Psalm 36:7 says “People take refuge in the shadow of your wings.” Jesus follows this same metaphor in Matthew 23:37 saying, “I wanted to gather your children together, as a hen gathers her chicks under her wings.” No one actually suggests that the Bible is saying God is actually a bird. The text is using a picturesque metaphor.
The Bible is quite robust as literature. It contains narrative (Genesis, Matthew, et al.), prophetic literature (Daniel, Revelation), Poetry (Psalms, Song of Solomon), epistles (instructional books like Ephesians), personal letters (to an individual like Philemon), and others. A person wouldn’t read a love letter the same way that they would read an instruction manual. In the same way, they shouldn’t read Psalms the same way that they read Galatians.
A lot of problems in understanding the Bible come from not considering the intended purpose of the book they are reading. For instance, the purpose of Psalms is to glorify God and remember His goodness, not to teach doctrine. This is not saying that Psalms cannot teach doctrinal truth, or even that it is not the inspired word of God, just that doctrine is not the point of the book.
2. Get yourself into the heads of the original readers.
Many Bible experts will make the statement, “something in the Bible can never mean to us what it didn’t mean to its original hearers.” This doesn’t quite make sense, as original readers of prophetic books like Daniel couldn’t quite have understood the completeness of the prophecy. But this is a generally good guideline to follow in most cases.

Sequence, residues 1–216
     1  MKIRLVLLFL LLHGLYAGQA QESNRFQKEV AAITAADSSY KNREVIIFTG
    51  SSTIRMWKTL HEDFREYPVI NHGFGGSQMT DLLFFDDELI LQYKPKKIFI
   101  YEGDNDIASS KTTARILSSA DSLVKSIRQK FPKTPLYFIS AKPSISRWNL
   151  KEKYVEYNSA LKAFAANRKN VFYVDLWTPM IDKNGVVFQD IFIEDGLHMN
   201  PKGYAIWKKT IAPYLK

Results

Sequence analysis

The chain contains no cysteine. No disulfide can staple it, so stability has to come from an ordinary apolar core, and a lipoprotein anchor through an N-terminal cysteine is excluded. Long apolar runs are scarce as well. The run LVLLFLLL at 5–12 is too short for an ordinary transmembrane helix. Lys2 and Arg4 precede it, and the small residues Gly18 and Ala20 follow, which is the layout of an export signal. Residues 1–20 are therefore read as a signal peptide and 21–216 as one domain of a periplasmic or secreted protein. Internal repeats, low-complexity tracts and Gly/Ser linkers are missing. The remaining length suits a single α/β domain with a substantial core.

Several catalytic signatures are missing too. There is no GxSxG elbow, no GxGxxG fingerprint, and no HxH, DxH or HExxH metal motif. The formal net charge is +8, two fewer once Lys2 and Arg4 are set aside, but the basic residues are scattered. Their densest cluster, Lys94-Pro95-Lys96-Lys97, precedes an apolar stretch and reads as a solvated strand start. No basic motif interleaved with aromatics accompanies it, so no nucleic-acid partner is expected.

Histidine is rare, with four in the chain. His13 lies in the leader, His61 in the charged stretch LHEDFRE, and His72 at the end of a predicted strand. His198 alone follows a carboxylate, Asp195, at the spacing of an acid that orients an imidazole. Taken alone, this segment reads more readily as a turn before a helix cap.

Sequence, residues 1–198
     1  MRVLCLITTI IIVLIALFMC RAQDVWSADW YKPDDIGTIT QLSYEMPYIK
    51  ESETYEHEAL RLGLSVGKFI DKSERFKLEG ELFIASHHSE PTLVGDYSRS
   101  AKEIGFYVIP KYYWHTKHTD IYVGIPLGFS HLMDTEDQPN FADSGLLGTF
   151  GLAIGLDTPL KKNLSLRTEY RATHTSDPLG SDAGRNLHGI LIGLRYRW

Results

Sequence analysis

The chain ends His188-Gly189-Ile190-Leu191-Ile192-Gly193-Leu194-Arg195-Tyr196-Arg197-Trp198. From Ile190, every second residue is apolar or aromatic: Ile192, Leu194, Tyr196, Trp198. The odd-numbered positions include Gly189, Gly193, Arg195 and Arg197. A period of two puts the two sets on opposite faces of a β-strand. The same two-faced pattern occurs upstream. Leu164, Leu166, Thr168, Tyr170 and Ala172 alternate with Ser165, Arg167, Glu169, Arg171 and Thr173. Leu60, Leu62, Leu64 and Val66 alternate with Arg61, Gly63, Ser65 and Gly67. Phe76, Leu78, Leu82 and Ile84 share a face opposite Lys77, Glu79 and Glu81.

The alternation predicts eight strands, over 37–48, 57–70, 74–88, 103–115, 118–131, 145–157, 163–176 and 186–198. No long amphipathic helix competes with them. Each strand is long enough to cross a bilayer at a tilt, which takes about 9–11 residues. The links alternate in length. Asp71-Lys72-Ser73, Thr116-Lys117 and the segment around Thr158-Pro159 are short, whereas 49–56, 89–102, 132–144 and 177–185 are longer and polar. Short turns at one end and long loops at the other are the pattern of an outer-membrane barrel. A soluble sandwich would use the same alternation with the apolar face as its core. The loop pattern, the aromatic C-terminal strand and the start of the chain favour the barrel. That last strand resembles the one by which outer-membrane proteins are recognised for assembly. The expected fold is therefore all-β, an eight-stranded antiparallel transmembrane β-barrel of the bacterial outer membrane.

For instance, Genesis 9:4 and Leviticus 17:10 both state provisions against eating blood. Some religious people use this as reason for God to be against blood transfusions. While the Bible neither speaks supportively nor prohibitively specifically about blood transfusions, an original hearer of God’s message in these passages would have not thought about a medical procedure to save someone’s life. They would have connected it to pagan idol worship that required drinking blood. Therefore, it is doctrinally quite dangerous to make a leap in applying these passages to a life-saving medical procedure.
3. Practice Exegesis not Eisegesis
No, this isn’t misspelling Jesus. These two words refer to interpreting scripture. Gesis refers to the text of the Bible. Ex (ek) means out of and eis means into. For any student of God’s truth, the goal should be to find out what the Bible means, and then apply that meaning to life, even if that isn’t quite what a person really wants the Bible to say. The opposite of this, eisegesis, is to twist the scripture (or cherry-pick verses out of context) in order to get the Bible to say what a person wants it to say.
A good way to remember the difference is that exegesis is to find out where Jesus is, and place an X in that spot (x-a-Jesus) as the marker for where God wants people to be. Eisegesis is like putting Jesus on an ice rink, where a person could push him to wherever he’d like Jesus to be (ice-a-Jesus).